OLYMPUS DIGITAL CAMERAWe were all set for London. Every present wrapped and labelled, clothes packed. In fact, we prided ourselves on being unusually well organised, much better than in previous years. We’d be in good time to queue for the Nine Lessons and Carols at St. Paul’s Cathedral in the heart of the city – we had just missed getting in last year. Then our daughter-in-law found she had chicken pox and we had to stay at home. I would have to cook something. No Christmas rest. More was to come.

I had already been thinking about what I would write on my birthday, 29 December. I would answer the toast for my birthday with one for the start of the earth slowly tipping towards spring in the northern hemisphere. On my birthday the midwinter solstice ends and the days start to get longer – by a few minutes only, but a little longer. I confess that I find it hard when the clocks go back at the end of October and it is dark so early in November. Lights strung across streets for Christmas enliven December right into the winter solstice. But my study faces west and I see the sun sinking at 4 in the afternoon. In dry weather, which has been most days this year, I scuttle off on to the medieval pastures, only 5 minutes away on foot, and walk as far as the black wind which has lost its sails to watch the sunset. Or I follow the children’s paths down into the ancient chalk quarries and up the other side, not running as they do. Farther out lies the ancient woodland with trees more than 400 years old.

Well, on 29 December I was looking forward to celebrating the start of longer days, later sunsets as well as my birthday when the stupidest thing happened. I bent down to pick up some towels from a shelf in the bathroom I know so well, turned to put them in the linen cupboard and whammed my head against the boards masking the pipes. I slumped on to the floor and held my hand to the right side of my face. The swelling filled my palm. My head throbbed, but didn’t exactly hurt.

I lay down. John dialled 999. In 6 minutes a paramedic arrived and did all the tests. Nothing serious was found but Cath advised me to go to Accident and Emergency. She would take me herself. So off we went to Hull Royal Infirmary 7 miles away, with John following in our car. She put my details on to the screen and assured me I would soon be seen. And so it happened. First by a nurse, then by a nurse practitioner, and finally by a doctor. I passed all the tests. I thought the doctor was taking a lot of time explaining something about calcium and distress and the symptoms I might have. I was given a card, advised to see my General Practitioner if I had any of the reactions listed on the card, and discharged, somewhat dazed. Only then I realised that they must have thought I was a victim of domestic violence! My explanation of what had actually happened must have sounded unlikely.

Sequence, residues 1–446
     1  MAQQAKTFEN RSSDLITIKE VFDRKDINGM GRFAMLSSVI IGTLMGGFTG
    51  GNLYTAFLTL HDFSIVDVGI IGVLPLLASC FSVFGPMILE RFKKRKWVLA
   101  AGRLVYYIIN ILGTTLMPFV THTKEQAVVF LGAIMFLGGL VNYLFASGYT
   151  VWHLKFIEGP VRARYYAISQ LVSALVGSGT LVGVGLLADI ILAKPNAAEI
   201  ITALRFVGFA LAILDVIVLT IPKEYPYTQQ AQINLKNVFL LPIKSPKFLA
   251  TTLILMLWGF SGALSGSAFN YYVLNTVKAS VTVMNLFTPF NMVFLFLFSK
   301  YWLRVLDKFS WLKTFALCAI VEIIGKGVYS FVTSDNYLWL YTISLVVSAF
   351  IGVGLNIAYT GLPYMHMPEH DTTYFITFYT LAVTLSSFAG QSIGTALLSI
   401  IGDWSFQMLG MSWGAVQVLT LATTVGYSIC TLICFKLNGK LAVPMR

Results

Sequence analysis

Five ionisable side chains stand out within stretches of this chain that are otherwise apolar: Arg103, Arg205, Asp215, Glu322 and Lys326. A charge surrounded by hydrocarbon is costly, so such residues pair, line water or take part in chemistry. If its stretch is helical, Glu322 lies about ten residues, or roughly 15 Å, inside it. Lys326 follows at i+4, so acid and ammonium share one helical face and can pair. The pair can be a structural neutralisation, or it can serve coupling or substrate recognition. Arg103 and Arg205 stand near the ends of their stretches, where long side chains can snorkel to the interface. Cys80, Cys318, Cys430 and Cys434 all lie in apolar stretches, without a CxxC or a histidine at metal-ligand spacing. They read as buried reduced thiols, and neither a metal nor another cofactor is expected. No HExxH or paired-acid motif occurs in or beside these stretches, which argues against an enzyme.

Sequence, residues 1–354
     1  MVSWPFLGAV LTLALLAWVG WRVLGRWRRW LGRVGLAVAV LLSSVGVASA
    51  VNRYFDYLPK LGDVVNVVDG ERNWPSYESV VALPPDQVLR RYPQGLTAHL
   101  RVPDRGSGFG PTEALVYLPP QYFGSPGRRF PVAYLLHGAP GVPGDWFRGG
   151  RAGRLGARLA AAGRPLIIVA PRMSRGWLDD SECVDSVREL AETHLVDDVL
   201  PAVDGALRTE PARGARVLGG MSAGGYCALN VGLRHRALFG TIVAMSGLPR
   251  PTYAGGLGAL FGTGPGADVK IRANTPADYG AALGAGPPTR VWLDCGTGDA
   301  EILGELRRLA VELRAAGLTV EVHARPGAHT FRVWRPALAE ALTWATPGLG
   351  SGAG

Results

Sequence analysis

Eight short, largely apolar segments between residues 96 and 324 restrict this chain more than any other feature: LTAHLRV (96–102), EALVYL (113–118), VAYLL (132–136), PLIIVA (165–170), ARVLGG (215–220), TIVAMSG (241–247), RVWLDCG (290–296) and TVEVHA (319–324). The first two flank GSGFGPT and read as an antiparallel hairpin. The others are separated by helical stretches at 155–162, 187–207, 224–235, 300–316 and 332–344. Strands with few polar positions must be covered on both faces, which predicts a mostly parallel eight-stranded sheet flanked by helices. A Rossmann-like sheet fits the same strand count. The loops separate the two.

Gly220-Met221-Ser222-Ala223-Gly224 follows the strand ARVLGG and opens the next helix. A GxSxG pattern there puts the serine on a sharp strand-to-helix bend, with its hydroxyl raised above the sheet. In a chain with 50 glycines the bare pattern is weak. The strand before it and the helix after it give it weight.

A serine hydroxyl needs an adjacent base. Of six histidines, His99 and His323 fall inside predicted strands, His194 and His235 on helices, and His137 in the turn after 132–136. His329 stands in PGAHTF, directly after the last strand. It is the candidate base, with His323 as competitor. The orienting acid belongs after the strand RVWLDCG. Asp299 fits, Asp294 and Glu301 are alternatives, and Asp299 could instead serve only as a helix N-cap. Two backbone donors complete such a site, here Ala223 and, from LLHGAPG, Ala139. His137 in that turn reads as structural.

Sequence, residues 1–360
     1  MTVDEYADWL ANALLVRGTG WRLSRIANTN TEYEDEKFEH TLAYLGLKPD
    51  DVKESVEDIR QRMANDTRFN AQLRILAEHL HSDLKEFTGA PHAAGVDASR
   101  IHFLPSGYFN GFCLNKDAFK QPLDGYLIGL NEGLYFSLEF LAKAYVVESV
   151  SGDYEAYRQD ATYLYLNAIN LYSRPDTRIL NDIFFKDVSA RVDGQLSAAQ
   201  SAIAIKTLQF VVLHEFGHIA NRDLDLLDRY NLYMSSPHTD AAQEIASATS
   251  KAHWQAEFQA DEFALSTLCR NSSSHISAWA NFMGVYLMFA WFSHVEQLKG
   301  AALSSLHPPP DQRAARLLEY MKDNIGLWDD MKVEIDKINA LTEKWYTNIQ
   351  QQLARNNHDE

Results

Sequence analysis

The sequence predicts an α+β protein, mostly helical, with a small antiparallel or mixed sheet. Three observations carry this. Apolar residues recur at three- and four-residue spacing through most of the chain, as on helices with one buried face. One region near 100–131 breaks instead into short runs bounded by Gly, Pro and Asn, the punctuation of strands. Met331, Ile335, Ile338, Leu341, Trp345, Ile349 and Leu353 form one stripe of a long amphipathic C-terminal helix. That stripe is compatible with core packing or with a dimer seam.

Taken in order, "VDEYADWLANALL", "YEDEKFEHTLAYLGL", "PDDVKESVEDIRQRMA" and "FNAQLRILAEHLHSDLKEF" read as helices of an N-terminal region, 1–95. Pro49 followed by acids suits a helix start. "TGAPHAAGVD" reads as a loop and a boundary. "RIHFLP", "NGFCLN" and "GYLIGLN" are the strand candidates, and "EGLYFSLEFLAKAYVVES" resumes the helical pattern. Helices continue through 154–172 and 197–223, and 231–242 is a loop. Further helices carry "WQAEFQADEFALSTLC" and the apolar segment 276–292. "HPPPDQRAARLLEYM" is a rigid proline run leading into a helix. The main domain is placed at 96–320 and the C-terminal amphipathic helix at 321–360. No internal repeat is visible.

Three cheers for our NHS, free at the point of delivery. I willingly pay my taxes for such excellent medical care when needed.

The following day friends, who came to stay for New Year’s Eve, took us out for dinner. The bruise was under my hair and no one noticed it. The 12 guests who arrived for New Year’s Eve only noticed that the right side of my forehead was slightly yellow. New Year’s Day saw purple advancing towards my right eye. It has now attacked my nose and moved further down the cheek. I avoid the streets and only go walking in the countryside to avoid having to give one explanation after another.

The good news is that I’ve finished revising up to Chapter 8 (out of 42) and that, even though the sunset was quite a bit later than 4 o’clock today, there are still plenty of dark evenings ahead. I always do more writing in the winter months – less temptation to experiment in the garden or go out for walks. There’s good news as well about Chapter 1.